Application in Hollow Core Slabs for Floors / Roofs
Enric Solsona – Prensoland, S.A.

At the interface between two precast concrete surfaces working in shear, there are three factors contributing to shear resistance:
  • Cohesion of the concrete
  • Forces normal to the interface surfaces
  • Dowel action by steel bars protruding one of the concretes and inserted in the other one.
Depending on the finish of the concrete surface, different coefficients are assigned by international codes in the calculation of shear resistance. The American Concrete Institute Code ACI318, Nov.19, states the following:

Chapter – Transfer of forces by means of grouted joints, shear keys, bearing, anchors, mechanical connectors, steel reinforcement, reinforced topping, or a combination of these, shall be permitted.

From the table – Nominal horizontal shear strength, of the same code, we can estimate that the concrete placed against hardened concrete intentionally roughened to a full amplitude of approximately 1/4 inch, mobilizes about 4 times more shear than the concrete placed against hardened concrete not intentionally roughened.

In Europe, the EUROCODE 2, in turn defines the geometries of the hardened concrete surfaces as very smooth, smooth (slip formed or extruded), rough and indented.

The European approach is as follows:
  • The shear design value must be less or equal to the shear resistance.
  • The shear resistance must be less or equal to the friction mobilized by the shear key after cracking.
Both are summarized in the following equation:

VED =< VRdi = c fctd + μ σn + ρ fyd (μ sin α + cos α) ≤ 0,5 v fcd (1)


C, µ are coefficients assigned depending on the surface finishing:

the slipformed hollow core slabs

σn : force normal to the interface surface. fctd: design tensile strength

fcd: design compressive strength (for αcc = 1)

The third term of vRdi in equation (1) is not considered because there is no armature protruding from the slabs and inserted on the grout pored at the longitudinal joint.

the slipformed hollow core slabsFigure 1: Shear key on the side of a 200 mm. thick pre-stressed concrete hollow core slabs.

But the same European code EC2 in point 10.9.3 (12) reads that in diaphragm action of hollow core slabs with grouted joints, the average longitudinal shear VRDI must be limited to 0,15 MPa for smooth or rough surfaces.

In other words, based on the European code EN1992-1-1 (Eurocode 2), all the hollow core slabs existing or with installation in progress in India on the date this article is published, have a longitudinal shear limited to 0,15 N/mm2 when they are meant to work in diaphragm action, which is the great majority of the cases.

the slipformed hollow core slabsFigure 2: Out of the total thickness, the shear key is applied to a zone on the sides.

Then the question is: ‘Would the pre-stressed concrete hollow core slabs be indented, what is the order of magnitude of the shear brought by this shear key on the hollow core slabs used in floors/roofs?’

We are interested in the value by itself and comparing it to this of the extruded and the slipformed hollow core slabs.

Numerical example:

Step A: Shear resistance generated by the indenting covering 50% of the effective height, 200 mm., on the 250 mm. hollow core slab side, when there is a force of 0,25 N/mm2 normal to the joint.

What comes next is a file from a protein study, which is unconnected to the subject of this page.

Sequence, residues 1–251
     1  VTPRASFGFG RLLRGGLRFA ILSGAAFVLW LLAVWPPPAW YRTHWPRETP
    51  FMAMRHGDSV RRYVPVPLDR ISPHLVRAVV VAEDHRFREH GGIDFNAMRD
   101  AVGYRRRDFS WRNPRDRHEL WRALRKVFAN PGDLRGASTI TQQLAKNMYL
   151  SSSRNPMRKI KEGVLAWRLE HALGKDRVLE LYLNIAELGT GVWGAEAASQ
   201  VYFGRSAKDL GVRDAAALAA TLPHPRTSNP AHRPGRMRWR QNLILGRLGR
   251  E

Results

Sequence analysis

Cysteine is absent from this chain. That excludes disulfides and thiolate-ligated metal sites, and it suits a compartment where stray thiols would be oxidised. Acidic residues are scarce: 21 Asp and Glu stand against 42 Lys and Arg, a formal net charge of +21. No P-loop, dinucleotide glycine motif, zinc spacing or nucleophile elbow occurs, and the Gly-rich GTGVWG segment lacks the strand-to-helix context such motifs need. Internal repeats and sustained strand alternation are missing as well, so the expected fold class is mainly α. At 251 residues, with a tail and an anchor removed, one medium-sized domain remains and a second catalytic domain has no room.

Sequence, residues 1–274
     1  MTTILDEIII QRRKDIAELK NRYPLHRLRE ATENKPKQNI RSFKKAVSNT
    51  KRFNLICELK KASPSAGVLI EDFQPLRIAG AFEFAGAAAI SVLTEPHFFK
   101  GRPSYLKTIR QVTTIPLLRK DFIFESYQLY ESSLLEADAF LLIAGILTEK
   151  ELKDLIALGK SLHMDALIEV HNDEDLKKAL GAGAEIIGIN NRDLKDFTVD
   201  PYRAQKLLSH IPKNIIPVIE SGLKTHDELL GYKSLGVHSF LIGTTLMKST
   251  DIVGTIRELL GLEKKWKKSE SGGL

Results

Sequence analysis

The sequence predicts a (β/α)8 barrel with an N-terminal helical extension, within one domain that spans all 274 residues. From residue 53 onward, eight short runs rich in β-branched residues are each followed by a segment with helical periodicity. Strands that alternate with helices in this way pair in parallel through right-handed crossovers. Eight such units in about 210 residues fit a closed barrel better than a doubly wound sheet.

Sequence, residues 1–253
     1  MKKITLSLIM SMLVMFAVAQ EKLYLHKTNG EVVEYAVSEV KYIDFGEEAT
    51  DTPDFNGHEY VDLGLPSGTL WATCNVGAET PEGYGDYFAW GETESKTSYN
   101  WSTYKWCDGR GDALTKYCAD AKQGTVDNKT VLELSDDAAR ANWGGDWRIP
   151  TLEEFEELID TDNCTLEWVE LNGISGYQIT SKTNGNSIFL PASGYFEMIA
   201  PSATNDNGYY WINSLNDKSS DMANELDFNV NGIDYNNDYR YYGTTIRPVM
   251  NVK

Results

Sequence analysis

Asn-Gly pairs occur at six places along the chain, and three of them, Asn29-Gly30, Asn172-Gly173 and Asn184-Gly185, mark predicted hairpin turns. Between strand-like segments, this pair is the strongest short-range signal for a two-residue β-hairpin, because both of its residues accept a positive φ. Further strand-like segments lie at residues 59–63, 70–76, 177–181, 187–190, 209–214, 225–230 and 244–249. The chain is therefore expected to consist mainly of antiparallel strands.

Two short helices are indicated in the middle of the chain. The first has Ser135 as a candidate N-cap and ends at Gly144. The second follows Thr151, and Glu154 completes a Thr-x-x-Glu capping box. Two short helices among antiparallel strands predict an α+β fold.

the slipformed hollow core slabsFigure 3: Eurocode 2 compliant geometry of a shear key as example

The 50% of the side surface smooth, generates:

vRdi = 0,2 * f ctd + 0,6 * 0,25 N/mm2 = 0,2 * 1,2 + 0,6 * 0,25 = 0,39 N/mm2. The 50% of the side indented surface, generates:

vRdi = 0,5 * 1,2 + 0,9 * 0,25 = 0,825 N/mm2

Total vRdi = 1,21 N/mm2

On a length of 1,0 meter: V= 0,825 * (1000*200/2) + 0,39 * (1000*200/2) = 121,5 kN/m

If smooth, the code limits to 0,15 N/mm2, therefore: V = 0,15 *(1000*200) = 30,0 kN/m The additional shear force brought by the indenting is: 121,5 – 30,0 = 91,5 kN/m.

Step B: Friction generated by the 40 mm. concrete compression layer on the top of the slabs:

Vc = bw * d * fv = 1.200 mm * 0,04 * 0,63 = 30,24 kN/m (value 0,63N/mm2 following Walraven: ‘Shear under which no shear reinforcement is necessary in elements unreinforced in shear, general limit, for concrete C40 and thicknesses up to 200 mm.) Therefore, we verify that the additional shear resistance of 91,5 kN/m is bigger to that of the compression layer 30,24 kN/m.

Step C: If we fit #10 teeth of length 50 mm each and height 100 mm in a slab length of 1,0 meter, according to the example shown, the resistance of each indenting submitted to compression will be as follows:

Applying IPHA Precast Concrete Structures, II edition, prof. Kim S. Elliott: tg α = 23 / 57 → α = 22º

X = 8 / cos (α) = 8,63 mm.

The root shear area is: #10 * (3+54+3) * (h=100) = 60.000 mm2 The friction at the indented zone is 0,825 N/mm2, then:

V= 0,825N/mm2 * 60.000 mm2 = 49,50 kN

On each indenting there will be: 49,50 kN / (10 teeth * cos α) = 4,95 / 0,927 = 5,33 kN

The resistance of the teeth taking the weaker concrete (poured at the joint C25/30) including the correction factor is:

fc = 5,33 kN * 1000/100*’X’ = 6,17 N/mm2

fck / ϒc = 25 / 1,5 = 16,66 N/mm2 > 6,17 N/mm2 stress on each tooth. OK.


In precast concrete construction, the shear key is contemplated by most of the international building codes as a mechanism for the transmission of additional shear. In affected zones they become an inelastic lateral mechanism for the absorption of energy during a seismic episode.

In non-seismic zones the shear brought by the side indenting equals or even exceeds this from the compression layer on the top of the hollow core slabs of a floor.
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